Simple nanoscale building blocks can self-assemble into ordered structures, but it isn't an easy matter to precisely position different types of building blocks in three dimensions. Two papers in Nature describe the programming of encodable interactions between building blocks to this end - achieved by exploiting the recognition capabilities of DNA base pairing to direct assembly.
Chad Mirkin, George Schatz and colleagues tune the interactions between DNA molecules attached to gold nanoparticles and separate DNA linkers to drive the particles to assemble into different crystals with a well-defined symmetry. Oleg Gang and colleagues, in contrast, allow complementary DNA strands attached to nanoparticle surfaces to interact directly with each other and thereby realize crystals with an open structure that can be tuned by temperature.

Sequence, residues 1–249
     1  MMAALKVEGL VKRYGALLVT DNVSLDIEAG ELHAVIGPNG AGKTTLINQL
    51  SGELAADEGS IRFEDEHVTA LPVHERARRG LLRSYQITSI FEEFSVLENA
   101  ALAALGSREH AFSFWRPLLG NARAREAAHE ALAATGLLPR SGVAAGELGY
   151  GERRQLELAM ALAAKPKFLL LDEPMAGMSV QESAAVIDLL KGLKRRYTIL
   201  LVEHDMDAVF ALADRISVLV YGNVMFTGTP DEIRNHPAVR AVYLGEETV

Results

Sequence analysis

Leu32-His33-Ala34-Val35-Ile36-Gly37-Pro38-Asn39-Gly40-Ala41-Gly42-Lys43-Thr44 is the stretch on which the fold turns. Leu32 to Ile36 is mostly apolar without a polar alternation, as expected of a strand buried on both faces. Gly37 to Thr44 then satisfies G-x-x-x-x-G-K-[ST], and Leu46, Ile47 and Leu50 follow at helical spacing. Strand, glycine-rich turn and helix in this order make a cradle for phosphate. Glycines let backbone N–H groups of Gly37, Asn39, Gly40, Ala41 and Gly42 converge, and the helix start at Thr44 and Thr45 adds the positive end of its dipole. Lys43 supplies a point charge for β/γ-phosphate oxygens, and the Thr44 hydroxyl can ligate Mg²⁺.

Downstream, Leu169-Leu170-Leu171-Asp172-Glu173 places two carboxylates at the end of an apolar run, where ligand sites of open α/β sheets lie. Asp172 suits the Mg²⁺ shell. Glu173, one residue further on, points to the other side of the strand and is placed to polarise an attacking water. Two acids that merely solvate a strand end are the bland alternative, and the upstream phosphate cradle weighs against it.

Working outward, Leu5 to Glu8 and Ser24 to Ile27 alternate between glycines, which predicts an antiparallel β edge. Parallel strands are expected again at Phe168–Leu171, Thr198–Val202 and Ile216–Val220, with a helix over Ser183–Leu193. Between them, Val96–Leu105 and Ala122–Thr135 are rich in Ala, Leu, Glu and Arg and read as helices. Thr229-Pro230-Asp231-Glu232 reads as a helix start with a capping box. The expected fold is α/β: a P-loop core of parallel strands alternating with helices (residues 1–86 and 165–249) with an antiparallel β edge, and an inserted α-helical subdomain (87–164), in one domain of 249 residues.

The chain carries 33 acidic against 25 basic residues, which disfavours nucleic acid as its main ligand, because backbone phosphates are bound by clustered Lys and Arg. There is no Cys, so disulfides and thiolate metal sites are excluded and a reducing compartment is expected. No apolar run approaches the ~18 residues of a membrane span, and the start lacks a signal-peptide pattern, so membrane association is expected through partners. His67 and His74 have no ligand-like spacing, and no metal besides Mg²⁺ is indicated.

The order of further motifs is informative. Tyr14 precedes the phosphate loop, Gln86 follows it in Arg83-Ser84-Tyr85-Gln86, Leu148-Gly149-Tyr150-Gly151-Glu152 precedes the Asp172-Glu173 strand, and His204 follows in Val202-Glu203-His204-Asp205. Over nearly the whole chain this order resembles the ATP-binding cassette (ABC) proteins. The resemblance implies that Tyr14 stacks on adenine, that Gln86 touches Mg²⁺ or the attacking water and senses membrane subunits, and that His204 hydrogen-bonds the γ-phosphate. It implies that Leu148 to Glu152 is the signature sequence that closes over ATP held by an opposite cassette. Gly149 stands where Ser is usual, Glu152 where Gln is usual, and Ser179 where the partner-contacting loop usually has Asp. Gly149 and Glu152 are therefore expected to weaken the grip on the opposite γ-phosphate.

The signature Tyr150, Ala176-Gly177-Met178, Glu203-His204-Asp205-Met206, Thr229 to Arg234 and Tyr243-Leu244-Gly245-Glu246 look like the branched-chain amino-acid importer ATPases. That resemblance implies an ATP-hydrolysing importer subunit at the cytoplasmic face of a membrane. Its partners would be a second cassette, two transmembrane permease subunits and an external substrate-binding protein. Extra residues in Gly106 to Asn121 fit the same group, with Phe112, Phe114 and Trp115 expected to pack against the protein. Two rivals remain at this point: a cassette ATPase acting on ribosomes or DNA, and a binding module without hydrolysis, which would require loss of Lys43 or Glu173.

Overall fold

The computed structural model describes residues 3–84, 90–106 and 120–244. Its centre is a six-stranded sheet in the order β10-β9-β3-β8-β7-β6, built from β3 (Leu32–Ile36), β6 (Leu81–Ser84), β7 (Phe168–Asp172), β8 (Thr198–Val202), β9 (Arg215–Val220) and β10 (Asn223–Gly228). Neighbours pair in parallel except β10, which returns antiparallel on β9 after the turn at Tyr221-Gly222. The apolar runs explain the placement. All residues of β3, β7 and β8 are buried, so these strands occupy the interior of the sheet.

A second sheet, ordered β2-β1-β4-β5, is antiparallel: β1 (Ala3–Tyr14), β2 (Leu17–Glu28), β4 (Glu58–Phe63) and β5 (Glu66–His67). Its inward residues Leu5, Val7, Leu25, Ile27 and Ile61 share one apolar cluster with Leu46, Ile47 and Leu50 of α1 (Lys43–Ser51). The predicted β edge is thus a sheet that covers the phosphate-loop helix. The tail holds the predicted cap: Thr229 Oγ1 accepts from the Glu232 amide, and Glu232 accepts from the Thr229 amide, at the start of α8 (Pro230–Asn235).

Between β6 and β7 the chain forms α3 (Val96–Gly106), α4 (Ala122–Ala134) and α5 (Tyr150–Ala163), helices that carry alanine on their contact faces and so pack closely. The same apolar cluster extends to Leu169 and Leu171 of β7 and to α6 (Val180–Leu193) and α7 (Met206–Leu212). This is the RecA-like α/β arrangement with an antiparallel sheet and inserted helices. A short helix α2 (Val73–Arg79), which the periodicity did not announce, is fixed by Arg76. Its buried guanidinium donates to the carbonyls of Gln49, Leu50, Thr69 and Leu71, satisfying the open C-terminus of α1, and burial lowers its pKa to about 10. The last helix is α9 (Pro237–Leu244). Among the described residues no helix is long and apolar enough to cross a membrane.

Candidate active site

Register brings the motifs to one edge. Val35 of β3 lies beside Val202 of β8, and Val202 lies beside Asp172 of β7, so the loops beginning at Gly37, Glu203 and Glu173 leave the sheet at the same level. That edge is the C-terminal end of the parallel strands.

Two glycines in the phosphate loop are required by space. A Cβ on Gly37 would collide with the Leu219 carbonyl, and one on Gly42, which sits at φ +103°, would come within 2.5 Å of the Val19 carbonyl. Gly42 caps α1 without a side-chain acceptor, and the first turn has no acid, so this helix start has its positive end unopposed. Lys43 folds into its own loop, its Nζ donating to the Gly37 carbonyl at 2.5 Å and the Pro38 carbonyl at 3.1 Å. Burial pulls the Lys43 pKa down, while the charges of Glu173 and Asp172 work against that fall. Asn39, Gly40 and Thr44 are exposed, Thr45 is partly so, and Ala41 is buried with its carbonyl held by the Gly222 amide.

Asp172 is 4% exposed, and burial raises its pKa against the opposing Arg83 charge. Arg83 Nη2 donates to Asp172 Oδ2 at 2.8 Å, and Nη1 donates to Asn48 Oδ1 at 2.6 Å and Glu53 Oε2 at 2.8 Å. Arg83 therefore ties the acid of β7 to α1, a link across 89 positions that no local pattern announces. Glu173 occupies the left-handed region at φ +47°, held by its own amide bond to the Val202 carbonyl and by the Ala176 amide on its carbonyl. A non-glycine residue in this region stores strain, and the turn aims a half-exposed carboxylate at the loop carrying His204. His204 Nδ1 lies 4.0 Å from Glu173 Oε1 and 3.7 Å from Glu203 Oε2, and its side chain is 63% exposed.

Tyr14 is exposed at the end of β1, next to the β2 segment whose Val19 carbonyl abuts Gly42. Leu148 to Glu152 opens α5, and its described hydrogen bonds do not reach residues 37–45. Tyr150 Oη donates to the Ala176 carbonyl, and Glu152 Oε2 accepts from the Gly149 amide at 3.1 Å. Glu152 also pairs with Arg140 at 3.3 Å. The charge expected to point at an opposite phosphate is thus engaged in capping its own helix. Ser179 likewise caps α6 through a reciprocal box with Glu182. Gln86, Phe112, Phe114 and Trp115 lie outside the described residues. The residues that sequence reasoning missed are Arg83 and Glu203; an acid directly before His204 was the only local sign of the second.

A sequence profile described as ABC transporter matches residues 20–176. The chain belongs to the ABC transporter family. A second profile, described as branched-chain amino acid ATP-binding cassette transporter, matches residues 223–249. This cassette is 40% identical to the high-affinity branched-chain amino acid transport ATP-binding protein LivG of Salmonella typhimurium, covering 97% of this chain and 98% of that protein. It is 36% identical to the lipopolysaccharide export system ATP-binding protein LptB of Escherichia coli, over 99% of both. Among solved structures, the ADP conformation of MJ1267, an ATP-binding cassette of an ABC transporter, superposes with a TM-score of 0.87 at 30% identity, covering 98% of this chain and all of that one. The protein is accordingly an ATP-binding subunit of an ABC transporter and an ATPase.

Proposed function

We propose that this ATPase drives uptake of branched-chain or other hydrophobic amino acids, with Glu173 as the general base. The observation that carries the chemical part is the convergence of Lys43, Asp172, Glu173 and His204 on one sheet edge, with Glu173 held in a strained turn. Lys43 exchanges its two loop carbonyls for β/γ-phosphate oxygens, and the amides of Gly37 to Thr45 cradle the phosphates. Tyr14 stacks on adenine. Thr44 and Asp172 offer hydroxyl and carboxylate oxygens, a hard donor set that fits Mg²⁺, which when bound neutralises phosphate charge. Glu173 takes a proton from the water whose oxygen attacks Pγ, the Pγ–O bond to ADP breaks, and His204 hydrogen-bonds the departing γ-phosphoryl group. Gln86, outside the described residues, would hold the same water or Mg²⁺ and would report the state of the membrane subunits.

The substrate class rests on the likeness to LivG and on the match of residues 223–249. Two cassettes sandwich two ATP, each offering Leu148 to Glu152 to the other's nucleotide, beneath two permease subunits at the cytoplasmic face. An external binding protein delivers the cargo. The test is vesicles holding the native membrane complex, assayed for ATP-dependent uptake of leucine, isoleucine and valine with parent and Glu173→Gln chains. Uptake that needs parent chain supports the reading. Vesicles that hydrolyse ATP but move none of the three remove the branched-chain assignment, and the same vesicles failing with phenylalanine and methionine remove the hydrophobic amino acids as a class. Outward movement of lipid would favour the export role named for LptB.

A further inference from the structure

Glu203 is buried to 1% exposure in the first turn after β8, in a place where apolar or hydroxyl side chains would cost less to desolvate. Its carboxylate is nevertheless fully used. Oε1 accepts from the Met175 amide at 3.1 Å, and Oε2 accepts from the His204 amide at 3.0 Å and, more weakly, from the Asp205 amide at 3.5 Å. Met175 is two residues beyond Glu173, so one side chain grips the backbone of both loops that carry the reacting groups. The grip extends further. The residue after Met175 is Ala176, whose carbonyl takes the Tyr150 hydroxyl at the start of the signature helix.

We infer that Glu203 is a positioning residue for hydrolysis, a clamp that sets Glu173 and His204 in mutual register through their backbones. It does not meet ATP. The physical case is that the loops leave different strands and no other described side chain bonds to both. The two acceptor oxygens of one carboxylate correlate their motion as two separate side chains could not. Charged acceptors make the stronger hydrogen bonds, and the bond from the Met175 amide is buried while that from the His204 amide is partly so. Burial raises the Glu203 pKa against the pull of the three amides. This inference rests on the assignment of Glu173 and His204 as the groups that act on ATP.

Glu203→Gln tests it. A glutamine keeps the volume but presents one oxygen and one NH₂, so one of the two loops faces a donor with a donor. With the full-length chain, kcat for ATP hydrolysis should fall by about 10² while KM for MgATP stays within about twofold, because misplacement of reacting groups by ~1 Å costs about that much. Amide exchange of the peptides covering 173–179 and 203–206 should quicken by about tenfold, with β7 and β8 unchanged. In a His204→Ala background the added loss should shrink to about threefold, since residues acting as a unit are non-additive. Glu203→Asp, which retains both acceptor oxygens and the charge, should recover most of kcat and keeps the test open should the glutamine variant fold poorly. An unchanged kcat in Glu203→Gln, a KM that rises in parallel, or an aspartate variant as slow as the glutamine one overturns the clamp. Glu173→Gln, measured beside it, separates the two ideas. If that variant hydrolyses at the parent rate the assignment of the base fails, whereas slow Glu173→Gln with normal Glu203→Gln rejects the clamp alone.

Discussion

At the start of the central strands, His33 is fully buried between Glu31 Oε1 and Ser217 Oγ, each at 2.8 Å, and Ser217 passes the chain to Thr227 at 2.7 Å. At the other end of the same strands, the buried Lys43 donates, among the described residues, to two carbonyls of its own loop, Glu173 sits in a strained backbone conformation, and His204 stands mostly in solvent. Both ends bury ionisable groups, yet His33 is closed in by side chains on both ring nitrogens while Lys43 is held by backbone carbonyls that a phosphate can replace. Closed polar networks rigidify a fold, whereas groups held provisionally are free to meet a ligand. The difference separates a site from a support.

The hope now is to extend the approach to make new classes of ordered multicomponent materials with useful properties.
Chad Mirkin (Northwestern University, Evanston, IL, USA) Author paper 
Oleg Gang (Brookhaven National Laboratory, Upton, NY, USA) Author paper 
(C) Nature press release.
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